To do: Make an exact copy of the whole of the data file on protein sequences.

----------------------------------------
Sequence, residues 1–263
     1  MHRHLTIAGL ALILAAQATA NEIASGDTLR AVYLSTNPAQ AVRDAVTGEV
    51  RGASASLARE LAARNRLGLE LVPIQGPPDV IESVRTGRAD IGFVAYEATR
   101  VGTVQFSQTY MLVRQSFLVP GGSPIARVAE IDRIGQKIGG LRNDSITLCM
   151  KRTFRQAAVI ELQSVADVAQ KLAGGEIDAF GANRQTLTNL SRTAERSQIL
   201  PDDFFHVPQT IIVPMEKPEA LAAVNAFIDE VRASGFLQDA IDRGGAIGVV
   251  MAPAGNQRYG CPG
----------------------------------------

Sequence, residues 1–263
     1  MHRHLTIAGL ALILAAQATA NEIASGDTLR AVYLSTNPAQ AVRDAVTGEV
    51  RGASASLARE LAARNRLGLE LVPIQGPPDV IESVRTGRAD IGFVAYEATR
   101  VGTVQFSQTY MLVRQSFLVP GGSPIARVAE IDRIGQKIGG LRNDSITLCM
   151  KRTFRQAAVI ELQSVADVAQ KLAGGEIDAF GANRQTLTNL SRTAERSQIL
   201  PDDFFHVPQT IIVPMEKPEA LAAVNAFIDE VRASGFLQDA IDRGGAIGVV
   251  MAPAGNQRYG CPG